Altered activity: As used herein, an ornithine-containing polypeptide with “altered activity” refers to any polypeptide with at least one ornithine residue that exhibits a change in its ability to interact with another molecule (such as an increase or decrease in binding affinity to another molecule) or exhibits a change (such as an increase or decrease) in one or more functions or biological activities of the protein. In some examples, when the ornithine-containing polypeptide is a defensin, an altered activity can be a change in the polypeptide's antimicrobial activity. An alteration in antimicrobial activity can include, for example, an increase in cytokine production or an increase in recruitment of inflammatory cells, as discussed in greater detail in the sections below.

Arginine: An amino acid (C6H14N4O2) found in plants and animals that is essential for the human diet; also produced by the breakdown of proteins. Also encompassed are functional analogues of arginine, and structurally modified arginine molecules (e.g., agmatine).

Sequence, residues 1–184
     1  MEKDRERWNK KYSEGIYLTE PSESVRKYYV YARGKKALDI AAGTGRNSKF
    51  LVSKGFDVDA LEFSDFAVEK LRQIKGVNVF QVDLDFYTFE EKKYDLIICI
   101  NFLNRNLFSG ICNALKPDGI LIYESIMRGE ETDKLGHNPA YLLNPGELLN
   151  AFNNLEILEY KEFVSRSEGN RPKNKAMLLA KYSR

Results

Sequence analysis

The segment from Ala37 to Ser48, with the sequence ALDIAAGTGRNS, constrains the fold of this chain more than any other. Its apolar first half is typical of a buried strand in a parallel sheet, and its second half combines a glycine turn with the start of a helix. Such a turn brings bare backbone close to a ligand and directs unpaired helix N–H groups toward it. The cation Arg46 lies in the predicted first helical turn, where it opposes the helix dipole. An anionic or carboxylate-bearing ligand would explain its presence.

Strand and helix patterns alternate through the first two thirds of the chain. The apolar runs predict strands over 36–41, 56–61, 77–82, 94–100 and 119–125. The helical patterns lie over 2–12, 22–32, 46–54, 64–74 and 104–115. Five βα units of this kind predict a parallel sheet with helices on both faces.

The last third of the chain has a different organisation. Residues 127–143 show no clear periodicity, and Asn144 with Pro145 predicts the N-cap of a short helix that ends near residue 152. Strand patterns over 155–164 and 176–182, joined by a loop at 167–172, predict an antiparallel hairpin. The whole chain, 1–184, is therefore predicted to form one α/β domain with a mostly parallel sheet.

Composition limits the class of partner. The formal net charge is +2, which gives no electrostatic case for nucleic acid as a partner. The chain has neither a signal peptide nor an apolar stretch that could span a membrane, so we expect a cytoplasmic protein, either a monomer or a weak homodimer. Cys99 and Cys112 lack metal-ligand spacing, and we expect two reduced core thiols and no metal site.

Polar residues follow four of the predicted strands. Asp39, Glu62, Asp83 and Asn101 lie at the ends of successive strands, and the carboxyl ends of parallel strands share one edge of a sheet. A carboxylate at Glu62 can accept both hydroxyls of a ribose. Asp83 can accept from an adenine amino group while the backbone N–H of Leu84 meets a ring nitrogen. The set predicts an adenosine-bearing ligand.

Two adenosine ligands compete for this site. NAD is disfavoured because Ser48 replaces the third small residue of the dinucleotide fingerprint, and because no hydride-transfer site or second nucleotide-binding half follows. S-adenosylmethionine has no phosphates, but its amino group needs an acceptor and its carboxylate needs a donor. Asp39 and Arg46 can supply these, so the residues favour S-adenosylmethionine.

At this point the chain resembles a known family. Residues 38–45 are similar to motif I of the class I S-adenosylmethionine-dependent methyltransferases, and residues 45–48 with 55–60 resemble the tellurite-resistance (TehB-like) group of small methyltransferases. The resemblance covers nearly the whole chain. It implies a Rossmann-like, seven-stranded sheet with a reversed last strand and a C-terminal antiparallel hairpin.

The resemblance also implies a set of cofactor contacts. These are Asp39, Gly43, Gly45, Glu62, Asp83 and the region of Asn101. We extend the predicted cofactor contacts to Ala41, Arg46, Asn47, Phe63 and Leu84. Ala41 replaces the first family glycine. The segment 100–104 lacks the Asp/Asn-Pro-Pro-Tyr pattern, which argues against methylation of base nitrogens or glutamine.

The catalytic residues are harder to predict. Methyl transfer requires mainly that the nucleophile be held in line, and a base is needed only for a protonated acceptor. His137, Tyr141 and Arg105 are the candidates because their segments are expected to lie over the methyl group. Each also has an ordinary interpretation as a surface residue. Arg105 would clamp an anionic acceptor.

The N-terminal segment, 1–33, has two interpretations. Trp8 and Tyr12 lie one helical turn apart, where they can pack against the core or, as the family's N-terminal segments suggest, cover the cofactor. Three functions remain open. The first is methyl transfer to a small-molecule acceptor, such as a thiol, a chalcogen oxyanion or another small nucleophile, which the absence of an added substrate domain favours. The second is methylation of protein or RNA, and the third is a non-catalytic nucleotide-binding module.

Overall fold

Defensins: Small, cationic peptides that have six conserved cysteine residues that form three disulfide bonds. Functional defensins arise by the sequential post-translational processing of a prepro-protein of 93-95 amino acids in length. The members of the defensin family are divided into different classes. The alpha-defensins generally contain 29-33 residues. The beta-defensins are more basic than alpha defensins and are generally between 34-37 amino acids in length. See, e.g., Raj et al., Biochem J.; 347:633-41, 2000. The recently identified theta defensins are formed by the head-to-tail linkage of two alpha defensin-related nonapeptides, generating a circular 18-residue polypeptide (Tang et al., Science; 286:498-502, 1999).

Defensins were first identified in neutrophils and have been detected in human, rabbit, guinea pig, and rat phagocytes. Alpha defensins include, but are not limited to, HNP-1, HNP-2, HNP-3, HNP-4, human defensin (HD)-5, and HD-6. Alpha defensins also include the recently identified HNP-4 homolog, defensin (Def)-X (see U.S. Pat. No. 6,329,340).